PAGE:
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Military Aircraft

BUSINESS
November 15, 1990 | DEAN TAKAHASHI, TIMES STAFF WRITER
With some of Rockwell International Corp.'s big-ticket defense programs facing an uncertain future, the company's Anaheim division has struck up an alliance with an Italian defense contractor to pursue business in the worldwide avionics market. Officials from Rockwell and Milan-based Fabbrica Italiana Apparecchiature Radioelettriche (FIAR) said Wednesday that they plan to target the growing international market for upgrading electronics gear in military aircraft, particularly the U.S.
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NEWS
October 25, 1999 | RALPH VARTABEDIAN, TIMES STAFF WRITER
In the annals of titanic competitions between corporations, few during this century have been waged with the intensity or longevity as the one between Boeing Co. and Douglas Aircraft Co. for leadership of the commercial aircraft industry. It pitted William Boeing against Donald Douglas, both of whom caught the fever for aviation early in the century and who would become the two driving forces in the production of ever more advanced aircraft. Starting in 1920s, Boeing Co.
BUSINESS
August 29, 1989 | RALPH VARTABEDIAN, Times Staff Writer
In one of the first major contracts to send military airframe work overseas, Lockheed Corp. on Monday selected Daewoo Heavy Industries of South Korea to assemble the outer wing sections of the Navy's P-7A anti-submarine patrol aircraft. The pact, potentially worth $108 million, stunned union officials at Lockheed's Southern California plants, which have experienced major layoffs in recent years and are in fierce competition for dwindling defense work.
CALIFORNIA | LOCAL
April 13, 1991
At a time when the Pentagon is proposing closing bases to save taxpayers' money, and military families fresh from the sacrifices of the Gulf War are wondering about their futures, the high command at the Marine Corps Air Station at El Toro is dealing with an embarrassing story that won't go away. Some high-flying senior officers have been riding military aircraft all over the country for personal reasons, and now the trail leads straight to the top, to Brig. Gen. Wayne T.
CALIFORNIA | LOCAL
April 13, 1991
At a time when the Pentagon is proposing to close bases to save taxpayers' money and military families fresh from the sacrifices of the Gulf War are wondering about their futures, the high command at the El Toro Marine Corps Air Station is dealing with an embarrassing story that will not go away. Some high-flying senior officers have been riding military aircraft all over the country for personal reasons, and now the trail leads straight to the top, to Brig. Gen. Wayne T.
NEWS
April 27, 1990 | From Times Wire Services
Lockheed Aeronautical Systems Co., citing completion of several military aircraft production programs and the need to cut costs, said today that it will lay off 2,750 of its 22,900 employees by the end of June. The layoffs will include about 2,000 employees in Southern California. Ken Cannestra, president of Lockheed Aeronautical Systems, said the company is in the process of notifying the affected employees.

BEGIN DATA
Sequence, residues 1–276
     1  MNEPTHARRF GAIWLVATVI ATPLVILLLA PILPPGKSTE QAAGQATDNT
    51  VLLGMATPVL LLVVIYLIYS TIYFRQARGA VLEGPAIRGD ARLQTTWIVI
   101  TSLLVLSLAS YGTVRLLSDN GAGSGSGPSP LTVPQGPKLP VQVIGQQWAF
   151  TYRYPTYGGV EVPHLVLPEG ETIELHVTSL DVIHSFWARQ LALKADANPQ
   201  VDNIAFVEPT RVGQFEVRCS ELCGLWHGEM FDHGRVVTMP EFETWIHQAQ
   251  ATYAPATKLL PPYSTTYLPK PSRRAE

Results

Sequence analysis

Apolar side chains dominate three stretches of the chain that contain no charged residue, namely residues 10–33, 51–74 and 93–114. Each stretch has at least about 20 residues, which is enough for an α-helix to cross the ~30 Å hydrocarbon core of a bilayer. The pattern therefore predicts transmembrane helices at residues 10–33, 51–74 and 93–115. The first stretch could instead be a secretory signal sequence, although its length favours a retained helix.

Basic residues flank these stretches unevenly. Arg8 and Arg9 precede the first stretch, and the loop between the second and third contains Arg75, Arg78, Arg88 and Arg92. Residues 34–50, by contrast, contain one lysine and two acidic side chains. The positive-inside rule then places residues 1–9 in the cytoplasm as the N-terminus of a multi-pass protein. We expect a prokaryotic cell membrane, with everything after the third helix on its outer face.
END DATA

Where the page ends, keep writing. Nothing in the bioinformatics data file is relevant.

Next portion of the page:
NEWS
June 11, 1985
A former Hughes Aircraft Co. employee pleaded guilty Monday to taking kickbacks for awarding subcontracts on military projects and agreed to aid authorities in the ongoing investigation of bribery in Southern California's defense industry. William Benites Huerta, 54, who worked as a subcontract administrator at the Hughes facility in El Segundo, entered guilty pleas to three of the 20 counts filed against him in an indictment by a Los Angeles federal grand jury. Assistant U.S. Atty.
CALIFORNIA | LOCAL
April 22, 1990
I will provide the short plank if Mayor Larry Agran of Irvine provides the long walk, along with everybody else who complains about the noise at the Tustin and El Toro air stations (April 7). Agran can try blaming the county, which has cheated on Community Noise Equivalent Level (CNEL) 65 areas. But he has only himself to blame for moving into an area with two military bases that have been there since World War II. Everyone wants to be free, but few are willing to pay for it. The noise was here before most of us were here, before most of us were born!
NEWS
April 4, 1992 | NORMAN KEMPSTER, TIMES STAFF WRITER
Secretary of State James A. Baker III, hoping to insulate himself from the growing uproar over Washington perquisites, on Friday began using commercial airliners for personal trips in the United States instead of far more costly Air Force jets. State Department spokeswoman Margaret Tutwiler said Baker was shocked by a still unpublished audit showing that his 11 private trips aboard military jets have cost taxpayers more than $300,000 since the first days of the Bush Administration in 1989.
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